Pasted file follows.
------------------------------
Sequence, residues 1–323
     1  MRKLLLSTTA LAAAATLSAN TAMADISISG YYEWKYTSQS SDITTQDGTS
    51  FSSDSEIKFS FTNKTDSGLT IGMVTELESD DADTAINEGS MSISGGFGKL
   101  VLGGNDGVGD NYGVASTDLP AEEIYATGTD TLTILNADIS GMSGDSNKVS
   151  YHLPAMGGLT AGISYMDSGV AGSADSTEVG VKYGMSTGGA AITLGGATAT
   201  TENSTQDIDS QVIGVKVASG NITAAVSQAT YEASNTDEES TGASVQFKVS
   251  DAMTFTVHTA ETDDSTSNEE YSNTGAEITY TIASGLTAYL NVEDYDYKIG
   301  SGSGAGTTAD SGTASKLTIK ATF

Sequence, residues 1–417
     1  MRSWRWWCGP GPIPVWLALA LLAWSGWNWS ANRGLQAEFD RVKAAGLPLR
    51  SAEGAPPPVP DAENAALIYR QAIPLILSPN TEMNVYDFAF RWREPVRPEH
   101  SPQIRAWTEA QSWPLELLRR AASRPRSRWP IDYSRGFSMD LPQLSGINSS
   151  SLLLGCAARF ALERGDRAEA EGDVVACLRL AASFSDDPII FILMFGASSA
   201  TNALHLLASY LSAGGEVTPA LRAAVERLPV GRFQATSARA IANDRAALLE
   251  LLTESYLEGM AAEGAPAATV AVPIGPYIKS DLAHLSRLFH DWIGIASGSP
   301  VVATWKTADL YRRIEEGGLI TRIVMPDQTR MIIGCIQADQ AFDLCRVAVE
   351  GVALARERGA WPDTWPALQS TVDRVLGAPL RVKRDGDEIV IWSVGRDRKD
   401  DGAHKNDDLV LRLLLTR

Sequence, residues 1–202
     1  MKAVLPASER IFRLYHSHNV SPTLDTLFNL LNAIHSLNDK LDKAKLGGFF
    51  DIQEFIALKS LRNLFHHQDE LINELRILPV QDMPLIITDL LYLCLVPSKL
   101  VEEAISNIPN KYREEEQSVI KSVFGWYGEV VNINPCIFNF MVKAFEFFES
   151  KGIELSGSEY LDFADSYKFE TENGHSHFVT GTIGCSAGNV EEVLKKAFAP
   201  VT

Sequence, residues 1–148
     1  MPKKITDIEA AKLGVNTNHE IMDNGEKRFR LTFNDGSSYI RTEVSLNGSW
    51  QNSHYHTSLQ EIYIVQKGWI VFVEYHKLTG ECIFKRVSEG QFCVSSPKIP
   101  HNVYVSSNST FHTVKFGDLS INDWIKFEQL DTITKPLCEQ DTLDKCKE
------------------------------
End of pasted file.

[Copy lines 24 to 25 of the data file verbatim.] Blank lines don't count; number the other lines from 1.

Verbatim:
   201  VT

Sequence, residues 1–148